The new law would 'legitimise' the existing structure of variable interest entities (VIEs), which are offshore companies that are generally based in tax havens and used by technology firms such as Alibaba, Tencent and Baidu, according to the Financial Times (FT).
The new law, which is not expected to enter into force before next year, would give foreign investors legal options in a dispute with Chinese principals, and decrease the risk associated with equity investments.
Professor of economics at Peking University Paul Gillis told the FT: “Making the VIEs legal is a big step forward for investors, because when it’s legal, those contracts should actually become enforceable.”
The China Daily reported earlier this month that a national security review for foreign investors in China would become official law rather than an administrative regulation for the first time when it is incorporated as a chapter in a proposed foreign investment law.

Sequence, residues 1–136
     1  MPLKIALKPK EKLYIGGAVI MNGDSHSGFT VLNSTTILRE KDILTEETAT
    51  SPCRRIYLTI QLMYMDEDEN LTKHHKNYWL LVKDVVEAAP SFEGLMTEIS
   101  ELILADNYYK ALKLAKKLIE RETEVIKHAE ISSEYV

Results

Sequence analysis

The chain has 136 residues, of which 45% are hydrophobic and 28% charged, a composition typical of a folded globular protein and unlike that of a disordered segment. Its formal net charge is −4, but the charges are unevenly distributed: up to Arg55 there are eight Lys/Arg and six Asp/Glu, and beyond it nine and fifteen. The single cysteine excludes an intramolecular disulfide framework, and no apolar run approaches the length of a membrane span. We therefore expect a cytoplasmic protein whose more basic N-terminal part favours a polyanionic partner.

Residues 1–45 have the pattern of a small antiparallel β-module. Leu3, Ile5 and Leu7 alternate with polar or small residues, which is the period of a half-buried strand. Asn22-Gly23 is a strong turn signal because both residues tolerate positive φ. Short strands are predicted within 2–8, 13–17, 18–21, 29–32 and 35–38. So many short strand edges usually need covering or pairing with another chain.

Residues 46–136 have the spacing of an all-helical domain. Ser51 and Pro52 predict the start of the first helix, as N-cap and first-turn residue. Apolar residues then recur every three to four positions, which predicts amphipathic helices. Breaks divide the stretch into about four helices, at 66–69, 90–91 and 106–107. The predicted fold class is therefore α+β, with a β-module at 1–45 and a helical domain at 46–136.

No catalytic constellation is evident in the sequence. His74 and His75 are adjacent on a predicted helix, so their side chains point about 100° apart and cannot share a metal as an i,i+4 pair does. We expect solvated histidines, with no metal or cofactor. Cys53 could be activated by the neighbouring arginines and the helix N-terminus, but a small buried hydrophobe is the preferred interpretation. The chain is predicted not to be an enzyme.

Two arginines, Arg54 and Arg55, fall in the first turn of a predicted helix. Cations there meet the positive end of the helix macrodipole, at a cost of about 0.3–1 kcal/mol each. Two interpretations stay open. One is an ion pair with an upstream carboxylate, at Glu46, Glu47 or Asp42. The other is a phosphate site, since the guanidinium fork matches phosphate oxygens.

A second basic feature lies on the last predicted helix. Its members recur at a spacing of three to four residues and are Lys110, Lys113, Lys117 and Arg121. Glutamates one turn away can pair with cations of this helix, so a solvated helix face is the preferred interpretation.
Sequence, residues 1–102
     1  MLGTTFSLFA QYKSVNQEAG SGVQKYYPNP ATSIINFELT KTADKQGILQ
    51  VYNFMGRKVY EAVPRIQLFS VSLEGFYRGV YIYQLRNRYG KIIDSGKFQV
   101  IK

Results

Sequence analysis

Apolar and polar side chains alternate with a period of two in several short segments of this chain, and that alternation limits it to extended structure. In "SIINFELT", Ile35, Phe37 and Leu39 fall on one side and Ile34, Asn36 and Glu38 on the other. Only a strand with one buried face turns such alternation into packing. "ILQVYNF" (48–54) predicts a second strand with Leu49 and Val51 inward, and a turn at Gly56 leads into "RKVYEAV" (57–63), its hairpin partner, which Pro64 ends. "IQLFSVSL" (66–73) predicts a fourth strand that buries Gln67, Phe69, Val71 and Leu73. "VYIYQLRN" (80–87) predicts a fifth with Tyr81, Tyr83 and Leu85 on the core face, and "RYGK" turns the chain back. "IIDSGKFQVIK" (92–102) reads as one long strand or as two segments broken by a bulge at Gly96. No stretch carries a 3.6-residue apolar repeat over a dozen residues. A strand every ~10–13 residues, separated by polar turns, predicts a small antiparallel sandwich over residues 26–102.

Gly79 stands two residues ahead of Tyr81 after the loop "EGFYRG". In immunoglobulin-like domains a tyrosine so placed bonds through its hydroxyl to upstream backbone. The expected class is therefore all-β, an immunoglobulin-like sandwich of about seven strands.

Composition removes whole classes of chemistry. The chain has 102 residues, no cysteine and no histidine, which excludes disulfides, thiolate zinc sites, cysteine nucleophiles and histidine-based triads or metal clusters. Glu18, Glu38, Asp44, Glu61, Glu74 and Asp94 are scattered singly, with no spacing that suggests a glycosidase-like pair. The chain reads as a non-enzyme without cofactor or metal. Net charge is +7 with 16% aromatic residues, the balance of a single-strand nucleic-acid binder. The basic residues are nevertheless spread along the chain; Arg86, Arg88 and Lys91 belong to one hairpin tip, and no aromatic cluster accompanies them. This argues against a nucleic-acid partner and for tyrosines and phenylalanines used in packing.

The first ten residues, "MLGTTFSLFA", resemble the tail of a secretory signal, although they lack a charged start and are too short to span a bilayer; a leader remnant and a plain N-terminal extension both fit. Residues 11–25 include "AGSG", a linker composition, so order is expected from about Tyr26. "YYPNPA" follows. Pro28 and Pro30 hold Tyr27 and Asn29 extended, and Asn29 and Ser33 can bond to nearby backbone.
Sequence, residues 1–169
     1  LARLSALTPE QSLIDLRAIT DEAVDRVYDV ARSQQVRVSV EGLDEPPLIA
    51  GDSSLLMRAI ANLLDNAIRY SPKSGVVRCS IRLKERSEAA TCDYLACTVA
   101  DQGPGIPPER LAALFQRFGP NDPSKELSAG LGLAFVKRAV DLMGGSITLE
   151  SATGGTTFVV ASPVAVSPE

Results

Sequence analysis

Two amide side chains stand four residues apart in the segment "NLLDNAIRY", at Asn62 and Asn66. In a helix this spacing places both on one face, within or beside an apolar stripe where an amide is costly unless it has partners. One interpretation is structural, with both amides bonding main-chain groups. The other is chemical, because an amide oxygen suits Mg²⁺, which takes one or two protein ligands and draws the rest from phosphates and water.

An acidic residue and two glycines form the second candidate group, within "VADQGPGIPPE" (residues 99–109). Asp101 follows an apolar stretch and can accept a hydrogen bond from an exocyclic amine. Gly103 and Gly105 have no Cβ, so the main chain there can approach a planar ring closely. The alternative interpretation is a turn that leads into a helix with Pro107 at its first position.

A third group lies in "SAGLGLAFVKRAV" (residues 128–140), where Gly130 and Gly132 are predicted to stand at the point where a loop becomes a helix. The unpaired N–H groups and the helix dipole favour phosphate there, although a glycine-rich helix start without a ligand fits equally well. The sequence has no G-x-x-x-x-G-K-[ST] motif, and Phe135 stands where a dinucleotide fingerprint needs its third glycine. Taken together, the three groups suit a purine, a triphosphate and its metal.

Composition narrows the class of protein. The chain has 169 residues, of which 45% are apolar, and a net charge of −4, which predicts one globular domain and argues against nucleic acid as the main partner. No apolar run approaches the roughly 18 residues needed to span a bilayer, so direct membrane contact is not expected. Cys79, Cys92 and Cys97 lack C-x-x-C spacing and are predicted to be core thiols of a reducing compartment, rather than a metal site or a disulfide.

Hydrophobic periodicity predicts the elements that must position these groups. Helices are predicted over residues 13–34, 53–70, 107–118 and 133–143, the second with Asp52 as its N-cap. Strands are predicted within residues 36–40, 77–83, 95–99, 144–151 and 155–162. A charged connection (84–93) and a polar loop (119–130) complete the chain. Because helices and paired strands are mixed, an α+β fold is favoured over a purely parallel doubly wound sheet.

Corporate law expert Dr. Bernd Uwe Stucken of Pinsent Masons, the law firm behind Out-Law.com, said the draft foreign investment law “is an important development towards China's goal to reform the foreign investment-related approval system, particularly given the challenges China faces in terms of slowdown in economic growth”. He said it would also pave the way for discussions “on other issues including the VIE structure, security review and foreign exchange controls”.
Last December, China announced plans to “improve the investment environment” in 2015, by boosting market access in the service sector and “further opening up manufacturing sectors”.
China’s Central Economic Work Conference said activities to improve the investment climate would draw on experiences from the 29-kilometre Shanghai Free Trade Zone that was set up in 2013.